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Ewa Majewska, Natalia Wittek, Jacek Rysz, Zbigniew Baj
Med Sci Monit 2012; 18(11): CR667-673
Background: Cystatin C (cC) is a cysteine protease inhibitor that may influence immune response. Our aim was to test the effect of a high concentration of cC, characteristic for uremic patients, on neutrophil (PMN) apoptosis and respiratory burst, as well as the cC secretion from PMNs stimulated with proinflammatory cytokines.
Material/Methods: PMNs from 35 healthy volunteers aged 27–61 years were cultured in presence of cC, IL-1beta or TNF-alpha. The percentage of apoptotic cells based on DNA depletion, Fas, FasL and caspase -3 expression were assessed. CC concentrations were determined by ELISA test. The influence of cC on spontaneous, fMLP-, PMA- or OZ-induced burst response of PMNs was tested using chemiluminescence.
Results: PMN cultured in the presence of cC resulted in a significant drop in apoptotic cell percentage (38% [11%; 65%]) compared both to control (70% [29%; 92%], and to the cells cultured with TNF-alpha (58% [24%; 85%]). These differences were not accompanied by Fas, FasL and caspase-3 expression changes. Spontaneous, fMLP- and PMA-stimulated oxidative burst of PMNs preincubated with cC were significantly downregulated. IL-1beta markedly diminished and TNF-alpha significantly increased cC concentration in culture supernatants.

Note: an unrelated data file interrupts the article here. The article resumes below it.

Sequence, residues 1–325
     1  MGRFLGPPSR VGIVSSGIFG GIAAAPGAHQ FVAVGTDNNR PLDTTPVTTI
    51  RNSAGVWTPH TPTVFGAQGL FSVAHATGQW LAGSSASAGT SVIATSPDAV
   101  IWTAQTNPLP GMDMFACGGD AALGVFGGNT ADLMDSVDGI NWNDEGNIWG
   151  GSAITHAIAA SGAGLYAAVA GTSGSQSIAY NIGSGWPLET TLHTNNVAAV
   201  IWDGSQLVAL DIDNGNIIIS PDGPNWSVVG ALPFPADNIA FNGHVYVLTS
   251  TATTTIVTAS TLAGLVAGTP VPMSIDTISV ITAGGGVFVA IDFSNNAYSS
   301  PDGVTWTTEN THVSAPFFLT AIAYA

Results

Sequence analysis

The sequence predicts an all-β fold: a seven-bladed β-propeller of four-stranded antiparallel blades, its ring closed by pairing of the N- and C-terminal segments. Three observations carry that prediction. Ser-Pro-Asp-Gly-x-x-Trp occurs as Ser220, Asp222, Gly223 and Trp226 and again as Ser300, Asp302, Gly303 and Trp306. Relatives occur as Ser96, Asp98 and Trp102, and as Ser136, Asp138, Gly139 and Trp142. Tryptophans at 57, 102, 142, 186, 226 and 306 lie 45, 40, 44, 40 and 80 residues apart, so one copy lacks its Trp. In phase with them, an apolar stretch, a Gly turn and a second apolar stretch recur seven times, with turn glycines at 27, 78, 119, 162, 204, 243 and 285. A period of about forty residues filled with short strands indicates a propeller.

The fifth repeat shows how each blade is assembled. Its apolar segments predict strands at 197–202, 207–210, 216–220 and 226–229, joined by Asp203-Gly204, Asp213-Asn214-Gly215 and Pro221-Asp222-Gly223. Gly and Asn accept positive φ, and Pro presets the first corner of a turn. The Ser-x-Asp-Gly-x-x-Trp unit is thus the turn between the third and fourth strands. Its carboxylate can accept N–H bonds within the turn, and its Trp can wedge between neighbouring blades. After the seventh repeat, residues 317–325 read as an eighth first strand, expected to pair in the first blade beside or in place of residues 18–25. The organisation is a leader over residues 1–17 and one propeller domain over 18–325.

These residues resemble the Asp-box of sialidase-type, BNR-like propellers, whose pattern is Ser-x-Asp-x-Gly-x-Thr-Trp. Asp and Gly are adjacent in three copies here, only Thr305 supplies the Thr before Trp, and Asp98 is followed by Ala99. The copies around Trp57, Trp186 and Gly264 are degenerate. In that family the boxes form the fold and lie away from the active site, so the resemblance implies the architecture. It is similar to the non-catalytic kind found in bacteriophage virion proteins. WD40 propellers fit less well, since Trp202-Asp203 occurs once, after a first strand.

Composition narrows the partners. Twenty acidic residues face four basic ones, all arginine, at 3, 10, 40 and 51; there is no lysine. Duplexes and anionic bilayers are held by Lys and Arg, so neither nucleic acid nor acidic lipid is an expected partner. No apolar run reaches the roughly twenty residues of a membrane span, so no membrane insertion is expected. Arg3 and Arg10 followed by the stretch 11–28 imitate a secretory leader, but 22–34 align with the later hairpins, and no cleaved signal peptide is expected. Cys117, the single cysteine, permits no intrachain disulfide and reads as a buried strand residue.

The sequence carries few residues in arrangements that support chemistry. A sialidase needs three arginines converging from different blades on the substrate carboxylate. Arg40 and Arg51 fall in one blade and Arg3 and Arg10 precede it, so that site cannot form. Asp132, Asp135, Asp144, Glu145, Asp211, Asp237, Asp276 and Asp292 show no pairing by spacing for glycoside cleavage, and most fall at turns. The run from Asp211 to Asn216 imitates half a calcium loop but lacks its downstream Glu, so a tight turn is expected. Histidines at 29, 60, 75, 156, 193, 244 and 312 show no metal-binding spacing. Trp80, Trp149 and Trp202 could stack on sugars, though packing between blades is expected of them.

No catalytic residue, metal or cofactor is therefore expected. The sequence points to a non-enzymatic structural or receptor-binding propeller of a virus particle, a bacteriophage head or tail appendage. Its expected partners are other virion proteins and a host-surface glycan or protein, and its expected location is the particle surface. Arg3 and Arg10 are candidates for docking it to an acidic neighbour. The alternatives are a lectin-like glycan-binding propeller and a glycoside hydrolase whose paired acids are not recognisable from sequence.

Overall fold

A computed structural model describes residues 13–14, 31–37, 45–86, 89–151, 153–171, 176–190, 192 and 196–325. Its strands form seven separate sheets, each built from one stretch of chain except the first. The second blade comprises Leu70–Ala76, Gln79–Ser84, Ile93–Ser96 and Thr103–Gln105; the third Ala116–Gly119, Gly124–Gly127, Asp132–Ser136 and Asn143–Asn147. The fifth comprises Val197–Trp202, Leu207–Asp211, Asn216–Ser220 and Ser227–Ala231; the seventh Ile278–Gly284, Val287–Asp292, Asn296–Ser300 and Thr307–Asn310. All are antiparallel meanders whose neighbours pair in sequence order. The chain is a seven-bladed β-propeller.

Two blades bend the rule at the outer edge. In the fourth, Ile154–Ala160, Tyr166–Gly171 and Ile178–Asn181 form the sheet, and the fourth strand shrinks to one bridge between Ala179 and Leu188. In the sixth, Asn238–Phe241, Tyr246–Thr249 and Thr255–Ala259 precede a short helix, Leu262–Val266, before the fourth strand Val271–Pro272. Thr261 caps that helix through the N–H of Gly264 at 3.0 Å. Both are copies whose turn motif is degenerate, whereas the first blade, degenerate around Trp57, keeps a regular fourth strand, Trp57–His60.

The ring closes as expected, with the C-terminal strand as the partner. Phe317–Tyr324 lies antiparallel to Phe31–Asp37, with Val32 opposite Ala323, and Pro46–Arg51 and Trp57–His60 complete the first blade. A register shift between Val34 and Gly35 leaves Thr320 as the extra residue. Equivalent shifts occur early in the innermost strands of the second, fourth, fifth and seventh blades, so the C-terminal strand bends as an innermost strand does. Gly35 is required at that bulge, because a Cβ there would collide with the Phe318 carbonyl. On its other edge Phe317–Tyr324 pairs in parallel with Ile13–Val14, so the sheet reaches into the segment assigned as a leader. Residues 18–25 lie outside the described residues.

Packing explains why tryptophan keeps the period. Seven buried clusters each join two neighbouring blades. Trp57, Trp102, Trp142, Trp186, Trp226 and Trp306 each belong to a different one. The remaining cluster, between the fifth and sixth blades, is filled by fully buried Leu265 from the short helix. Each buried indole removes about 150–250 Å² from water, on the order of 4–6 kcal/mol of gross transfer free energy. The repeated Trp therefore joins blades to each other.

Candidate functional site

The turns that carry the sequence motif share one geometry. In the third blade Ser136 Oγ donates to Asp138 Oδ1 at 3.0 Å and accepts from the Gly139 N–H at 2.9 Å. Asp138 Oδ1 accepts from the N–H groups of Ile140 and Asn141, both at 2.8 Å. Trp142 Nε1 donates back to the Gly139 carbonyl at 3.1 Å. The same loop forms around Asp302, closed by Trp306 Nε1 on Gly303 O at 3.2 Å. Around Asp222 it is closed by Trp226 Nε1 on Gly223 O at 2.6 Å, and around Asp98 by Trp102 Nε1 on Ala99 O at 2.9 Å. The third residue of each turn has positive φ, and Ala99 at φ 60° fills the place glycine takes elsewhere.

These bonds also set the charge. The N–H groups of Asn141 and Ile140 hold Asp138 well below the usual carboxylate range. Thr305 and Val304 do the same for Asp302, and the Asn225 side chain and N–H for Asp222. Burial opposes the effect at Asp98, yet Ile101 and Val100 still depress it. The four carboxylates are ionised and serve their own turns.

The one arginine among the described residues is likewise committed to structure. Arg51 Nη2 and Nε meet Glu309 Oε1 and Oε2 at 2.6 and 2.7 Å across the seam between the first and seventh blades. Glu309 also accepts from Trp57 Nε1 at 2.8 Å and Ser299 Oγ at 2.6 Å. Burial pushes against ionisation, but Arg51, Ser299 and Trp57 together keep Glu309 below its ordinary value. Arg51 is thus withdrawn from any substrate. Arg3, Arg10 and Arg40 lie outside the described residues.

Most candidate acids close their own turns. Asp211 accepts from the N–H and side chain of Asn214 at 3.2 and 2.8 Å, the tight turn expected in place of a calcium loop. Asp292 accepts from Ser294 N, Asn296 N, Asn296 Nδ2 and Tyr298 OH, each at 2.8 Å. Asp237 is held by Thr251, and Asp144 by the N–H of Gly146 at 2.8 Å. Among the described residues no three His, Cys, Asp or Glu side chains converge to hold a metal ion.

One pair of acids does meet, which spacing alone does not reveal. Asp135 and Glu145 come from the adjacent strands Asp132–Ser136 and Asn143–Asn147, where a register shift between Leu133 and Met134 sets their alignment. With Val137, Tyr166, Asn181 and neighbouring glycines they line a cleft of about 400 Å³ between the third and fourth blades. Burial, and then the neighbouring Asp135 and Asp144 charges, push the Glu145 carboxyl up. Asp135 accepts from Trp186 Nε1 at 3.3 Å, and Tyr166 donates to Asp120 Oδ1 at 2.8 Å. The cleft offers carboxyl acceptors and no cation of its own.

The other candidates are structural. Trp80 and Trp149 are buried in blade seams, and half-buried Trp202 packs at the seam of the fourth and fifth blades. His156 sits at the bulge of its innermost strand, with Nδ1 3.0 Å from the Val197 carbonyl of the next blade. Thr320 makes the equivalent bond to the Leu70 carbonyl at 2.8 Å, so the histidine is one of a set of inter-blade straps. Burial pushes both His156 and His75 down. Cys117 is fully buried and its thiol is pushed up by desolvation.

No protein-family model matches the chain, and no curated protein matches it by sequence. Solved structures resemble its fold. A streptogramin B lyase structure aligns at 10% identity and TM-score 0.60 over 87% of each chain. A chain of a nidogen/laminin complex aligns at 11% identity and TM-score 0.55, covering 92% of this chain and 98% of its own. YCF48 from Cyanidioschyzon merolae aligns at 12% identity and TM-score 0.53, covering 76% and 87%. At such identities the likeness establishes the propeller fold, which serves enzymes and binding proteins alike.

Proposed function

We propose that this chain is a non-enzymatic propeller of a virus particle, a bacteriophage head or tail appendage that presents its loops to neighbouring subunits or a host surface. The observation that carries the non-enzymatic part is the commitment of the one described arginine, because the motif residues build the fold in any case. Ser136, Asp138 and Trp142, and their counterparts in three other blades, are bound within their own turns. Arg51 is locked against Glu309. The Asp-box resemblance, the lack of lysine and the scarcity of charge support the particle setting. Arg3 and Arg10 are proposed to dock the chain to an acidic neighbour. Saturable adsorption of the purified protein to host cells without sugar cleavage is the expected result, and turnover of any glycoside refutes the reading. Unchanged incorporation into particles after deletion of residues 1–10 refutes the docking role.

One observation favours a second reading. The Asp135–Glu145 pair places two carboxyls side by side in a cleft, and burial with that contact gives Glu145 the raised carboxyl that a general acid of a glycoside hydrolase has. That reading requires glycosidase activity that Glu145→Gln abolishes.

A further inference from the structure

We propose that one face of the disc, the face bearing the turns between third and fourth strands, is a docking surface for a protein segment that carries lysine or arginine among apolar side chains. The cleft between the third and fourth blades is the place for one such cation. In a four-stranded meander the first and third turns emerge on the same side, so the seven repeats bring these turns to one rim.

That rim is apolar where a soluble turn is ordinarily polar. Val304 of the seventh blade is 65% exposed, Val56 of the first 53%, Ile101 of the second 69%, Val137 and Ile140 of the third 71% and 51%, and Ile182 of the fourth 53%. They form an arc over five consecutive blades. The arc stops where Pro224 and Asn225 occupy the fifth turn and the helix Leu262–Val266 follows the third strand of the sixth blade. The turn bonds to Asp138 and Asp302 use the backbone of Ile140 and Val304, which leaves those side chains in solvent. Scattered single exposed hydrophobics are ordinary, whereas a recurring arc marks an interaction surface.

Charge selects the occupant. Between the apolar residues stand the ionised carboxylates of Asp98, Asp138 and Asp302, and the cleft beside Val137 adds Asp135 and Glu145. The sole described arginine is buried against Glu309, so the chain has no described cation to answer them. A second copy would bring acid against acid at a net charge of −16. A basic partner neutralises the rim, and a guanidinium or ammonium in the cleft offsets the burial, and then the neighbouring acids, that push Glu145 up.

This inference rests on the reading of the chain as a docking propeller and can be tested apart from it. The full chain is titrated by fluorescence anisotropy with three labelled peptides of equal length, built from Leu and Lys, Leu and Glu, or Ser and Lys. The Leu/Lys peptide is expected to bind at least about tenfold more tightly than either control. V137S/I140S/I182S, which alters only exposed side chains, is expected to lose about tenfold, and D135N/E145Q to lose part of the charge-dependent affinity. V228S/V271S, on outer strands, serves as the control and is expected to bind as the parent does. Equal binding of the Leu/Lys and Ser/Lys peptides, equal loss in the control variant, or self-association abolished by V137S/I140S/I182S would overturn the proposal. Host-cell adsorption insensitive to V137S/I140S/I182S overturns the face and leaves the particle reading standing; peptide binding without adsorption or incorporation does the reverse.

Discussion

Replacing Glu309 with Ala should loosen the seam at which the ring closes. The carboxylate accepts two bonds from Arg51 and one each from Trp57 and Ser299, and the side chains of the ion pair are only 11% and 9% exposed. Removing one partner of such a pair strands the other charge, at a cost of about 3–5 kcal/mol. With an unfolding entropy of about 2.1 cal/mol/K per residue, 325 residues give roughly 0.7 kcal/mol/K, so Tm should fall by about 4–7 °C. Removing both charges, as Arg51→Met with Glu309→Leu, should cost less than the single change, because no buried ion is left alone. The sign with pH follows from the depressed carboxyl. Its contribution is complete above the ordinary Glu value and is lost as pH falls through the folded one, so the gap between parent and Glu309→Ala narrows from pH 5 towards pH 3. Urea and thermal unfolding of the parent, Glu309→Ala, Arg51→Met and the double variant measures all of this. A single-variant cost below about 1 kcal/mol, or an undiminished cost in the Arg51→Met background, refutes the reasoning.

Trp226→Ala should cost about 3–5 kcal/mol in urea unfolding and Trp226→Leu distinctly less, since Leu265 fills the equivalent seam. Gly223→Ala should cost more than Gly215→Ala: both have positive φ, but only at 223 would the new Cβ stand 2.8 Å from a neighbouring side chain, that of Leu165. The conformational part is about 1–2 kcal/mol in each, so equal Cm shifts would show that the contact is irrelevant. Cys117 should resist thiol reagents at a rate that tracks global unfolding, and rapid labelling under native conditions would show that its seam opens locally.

Conclusions: The presented results suggest that antiapoptotic activity of cC results from its inhibitory effect on ROS production. Thus, the higher concentration of cC characteristic for uremic patients may modulate acute inflammation through maintaining PMN longevity and inhibiting their respiratory burst and proinflammatory cytokine-related changes in cC release from PMNs.